I’ve been interested in Paul Trombetta’s pedals for a while now — though admittedly, the ones I first noticed were his high-gain distortion designs (Knife and Blotto — do a search for them on YouTube). But I am casually looking to see if there’s any fuzz pedal that can do the dynamic low-gain tones of my LovePedal Gold Dragon without its shortcomings, so when I stumbled upon a reasonably priced PTD Mini-Bone v2 (v1 apparently is a three-knobber), I jumped at the chance to try it out.
The word “versatile” really doesn’t do this pedal justice — it’s more like a pedal with 3-4 different faces. Let’s have a look at each of them.
Besides the gain and volume knob, there are knobs for mysteriously-named Bore and Mood. On the top are toggles for 3-way presence settings (normal/bright/dark) and Mood Range (high/low).
Of which, the presence switch is the easiest to explain. It is set at rather high frequency — I might call it the “sizzle” range. On some low gain settings with Bore and Mood set counter-clockwise, I hardly notice the effect of presence. For it to take a noticeable effect, one of the knobs — gain, Bore and Mood — ought to be above noon. The more knobs are turned clock-wise, the bigger the presence toggle’s impact.
The dented Bore and Mood knobs are quite unusual and they behave differently depending on the range switch. Bore is like a low-end control — counter-clockwise is tight, clockwise is fat. The Mood sets the voltage of the circuit — counter-clockwise is high-voltage, turn it clockwise and it goes lower. Knowing what the two do help you understand how they interact.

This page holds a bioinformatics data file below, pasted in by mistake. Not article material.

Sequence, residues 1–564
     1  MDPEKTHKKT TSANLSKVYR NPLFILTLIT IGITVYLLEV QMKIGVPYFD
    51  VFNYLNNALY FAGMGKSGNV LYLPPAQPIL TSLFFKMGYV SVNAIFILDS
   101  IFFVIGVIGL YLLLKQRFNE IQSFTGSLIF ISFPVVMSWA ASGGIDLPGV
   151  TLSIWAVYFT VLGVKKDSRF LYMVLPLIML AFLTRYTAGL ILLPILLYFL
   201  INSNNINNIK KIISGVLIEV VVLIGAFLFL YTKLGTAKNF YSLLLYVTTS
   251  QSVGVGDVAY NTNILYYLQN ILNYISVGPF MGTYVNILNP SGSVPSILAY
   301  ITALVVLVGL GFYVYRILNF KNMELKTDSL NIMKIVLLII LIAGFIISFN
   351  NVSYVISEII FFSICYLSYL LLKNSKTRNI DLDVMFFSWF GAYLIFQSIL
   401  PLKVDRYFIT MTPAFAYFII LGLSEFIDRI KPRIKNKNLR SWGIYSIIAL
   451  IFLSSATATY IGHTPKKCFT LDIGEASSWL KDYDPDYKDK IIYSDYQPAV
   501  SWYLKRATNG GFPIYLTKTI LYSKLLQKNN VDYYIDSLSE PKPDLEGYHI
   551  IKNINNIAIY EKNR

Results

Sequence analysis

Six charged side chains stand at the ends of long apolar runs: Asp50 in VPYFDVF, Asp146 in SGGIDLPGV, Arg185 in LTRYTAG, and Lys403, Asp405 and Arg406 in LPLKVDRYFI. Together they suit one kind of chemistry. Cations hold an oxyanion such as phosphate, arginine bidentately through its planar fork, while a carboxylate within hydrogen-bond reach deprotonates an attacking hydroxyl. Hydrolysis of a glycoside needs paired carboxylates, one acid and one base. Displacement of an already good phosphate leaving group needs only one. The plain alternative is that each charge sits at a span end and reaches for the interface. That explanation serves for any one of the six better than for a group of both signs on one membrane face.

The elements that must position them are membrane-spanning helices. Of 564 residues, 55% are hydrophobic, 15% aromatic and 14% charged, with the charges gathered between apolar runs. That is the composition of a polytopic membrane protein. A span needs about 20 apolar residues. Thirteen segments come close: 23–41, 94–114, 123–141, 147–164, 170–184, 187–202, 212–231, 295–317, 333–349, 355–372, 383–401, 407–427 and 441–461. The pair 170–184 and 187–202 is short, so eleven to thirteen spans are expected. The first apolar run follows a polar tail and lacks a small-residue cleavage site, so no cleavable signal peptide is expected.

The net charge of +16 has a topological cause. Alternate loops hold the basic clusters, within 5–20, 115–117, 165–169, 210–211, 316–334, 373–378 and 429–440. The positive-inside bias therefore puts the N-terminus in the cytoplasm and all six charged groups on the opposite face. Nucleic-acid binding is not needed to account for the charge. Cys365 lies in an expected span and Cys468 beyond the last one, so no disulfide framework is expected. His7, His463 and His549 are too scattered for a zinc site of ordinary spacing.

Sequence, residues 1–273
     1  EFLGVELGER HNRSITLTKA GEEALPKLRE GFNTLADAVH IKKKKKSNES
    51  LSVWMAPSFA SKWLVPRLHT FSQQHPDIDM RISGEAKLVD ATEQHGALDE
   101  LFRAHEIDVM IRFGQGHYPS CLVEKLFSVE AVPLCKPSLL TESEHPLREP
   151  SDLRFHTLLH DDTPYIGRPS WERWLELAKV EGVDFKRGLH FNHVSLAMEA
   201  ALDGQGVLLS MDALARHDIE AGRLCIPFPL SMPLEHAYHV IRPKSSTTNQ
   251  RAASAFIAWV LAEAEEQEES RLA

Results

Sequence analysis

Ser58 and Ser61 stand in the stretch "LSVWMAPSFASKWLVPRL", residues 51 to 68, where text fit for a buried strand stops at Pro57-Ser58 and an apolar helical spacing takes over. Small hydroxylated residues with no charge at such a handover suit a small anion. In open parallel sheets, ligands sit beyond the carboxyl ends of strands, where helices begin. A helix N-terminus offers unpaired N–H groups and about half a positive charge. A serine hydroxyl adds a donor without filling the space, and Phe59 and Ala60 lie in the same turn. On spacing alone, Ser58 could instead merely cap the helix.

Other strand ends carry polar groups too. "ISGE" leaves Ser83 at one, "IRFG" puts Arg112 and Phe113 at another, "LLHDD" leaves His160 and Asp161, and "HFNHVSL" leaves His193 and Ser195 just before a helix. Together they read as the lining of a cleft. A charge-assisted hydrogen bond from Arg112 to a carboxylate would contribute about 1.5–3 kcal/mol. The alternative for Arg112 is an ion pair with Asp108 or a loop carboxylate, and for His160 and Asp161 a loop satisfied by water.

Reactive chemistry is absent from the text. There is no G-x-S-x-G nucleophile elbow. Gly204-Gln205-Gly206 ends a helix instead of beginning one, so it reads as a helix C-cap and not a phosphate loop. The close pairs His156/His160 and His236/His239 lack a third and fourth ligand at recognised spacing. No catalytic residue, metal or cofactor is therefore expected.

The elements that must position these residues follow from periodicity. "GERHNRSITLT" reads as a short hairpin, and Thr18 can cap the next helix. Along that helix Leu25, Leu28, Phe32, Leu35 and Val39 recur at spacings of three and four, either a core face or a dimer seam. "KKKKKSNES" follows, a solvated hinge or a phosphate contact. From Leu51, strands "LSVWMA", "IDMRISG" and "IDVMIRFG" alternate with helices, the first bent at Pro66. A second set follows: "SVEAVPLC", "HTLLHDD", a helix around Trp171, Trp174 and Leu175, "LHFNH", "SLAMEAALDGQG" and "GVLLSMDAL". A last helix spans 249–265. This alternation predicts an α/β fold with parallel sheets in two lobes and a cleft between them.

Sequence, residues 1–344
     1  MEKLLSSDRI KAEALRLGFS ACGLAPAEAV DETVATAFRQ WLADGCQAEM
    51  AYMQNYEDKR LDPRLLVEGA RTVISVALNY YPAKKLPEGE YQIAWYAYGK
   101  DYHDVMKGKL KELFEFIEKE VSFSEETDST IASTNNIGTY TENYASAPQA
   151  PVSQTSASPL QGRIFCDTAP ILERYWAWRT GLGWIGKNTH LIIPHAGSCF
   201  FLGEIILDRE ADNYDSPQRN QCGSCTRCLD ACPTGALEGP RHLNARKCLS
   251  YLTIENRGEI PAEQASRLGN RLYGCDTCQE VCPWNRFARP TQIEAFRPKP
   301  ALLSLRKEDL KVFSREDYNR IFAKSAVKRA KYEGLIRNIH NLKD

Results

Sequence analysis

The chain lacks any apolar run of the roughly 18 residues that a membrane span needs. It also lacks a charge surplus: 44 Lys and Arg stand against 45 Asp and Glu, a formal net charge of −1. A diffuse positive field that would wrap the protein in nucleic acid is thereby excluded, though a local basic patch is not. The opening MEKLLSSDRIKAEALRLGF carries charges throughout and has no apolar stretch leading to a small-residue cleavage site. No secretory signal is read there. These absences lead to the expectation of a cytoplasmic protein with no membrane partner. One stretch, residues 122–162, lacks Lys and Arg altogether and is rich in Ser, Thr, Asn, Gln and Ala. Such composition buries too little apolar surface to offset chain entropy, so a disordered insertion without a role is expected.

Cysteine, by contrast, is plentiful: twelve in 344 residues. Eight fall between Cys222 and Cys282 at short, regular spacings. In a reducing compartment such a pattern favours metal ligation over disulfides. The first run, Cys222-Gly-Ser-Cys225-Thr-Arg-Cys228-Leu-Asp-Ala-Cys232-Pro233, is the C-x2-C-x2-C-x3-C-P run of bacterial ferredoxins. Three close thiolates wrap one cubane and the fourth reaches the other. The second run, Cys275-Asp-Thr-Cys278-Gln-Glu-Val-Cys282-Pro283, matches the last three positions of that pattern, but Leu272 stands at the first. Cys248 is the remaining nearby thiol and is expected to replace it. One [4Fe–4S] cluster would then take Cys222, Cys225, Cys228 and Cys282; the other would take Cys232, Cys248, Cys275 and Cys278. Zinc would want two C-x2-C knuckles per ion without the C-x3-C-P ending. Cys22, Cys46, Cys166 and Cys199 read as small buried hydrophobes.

The Range switch is supposed to affect the Mood knob — set to the left, the Mood knob operates in the higher-voltage realm, the right, the lower voltages. In reality it comes across like a range choice for the amount of dirt — the left position is less gain and right position is higher gain/fuzzier.
In the low-gain/high-voltage mode, they more or less behave as expected above. With the Mood set counter-clockwise, turning up the Bore make the thing fatter with low-end girth. The low-gain mode is actually the Mood knob dealing with higher spectrum of voltages, so turning the Mood knob clockwise has sort of an expected result for such an adjustment in a fuzz pedal — the tone gets more compressed and buzzier. Turn up the Bore knob, with Mood also set clockwise, and it starts to sound like a fuzz pedal instead of an overdrive.
Now flip the Range to high-gain/low-voltage range and the above two knobs start doing something different. I’m guessing that when the Mood knob is set counter-clockwise, it sort of picks up where the voltage was left at the low end of high-voltage range. With the Mood and Bore set counter-clockwise, it sounds like a regular fuzz. Articulate, woolly, still fairly compressed and hairy. Turn the Mood knob clockwise, with the Bore set counter-clockwise, you get into the signature “trombone” range. It develops this tight yet round attack and reedy tone. Mood knob counter-clockwise and Bore clockwise, and the low-end gets farty and spitty — very buzzy sound. Finally, the Mood and Bore counter-clockwise and you can produce some wild sounds — ring-mod, octave, bit-crusher — the sound of a fuzz with low voltage and huge low-end boost. Forget about playing chords — whatever the lowest note you play will cover up all other notes.
But, the whole pedal is very sensitive to the input volume. Not as much picking dynamics (at least not like Fuzz Face style ultra-touch sensitivity) but with a twist of the volume knob you can still clean up the dirt or chaos, and get smoother tones. If you turn up the gain high, you’ll have to reduce the volume a lot to get the tone approach cleanness, but even at highest gain there is no weird artifacts.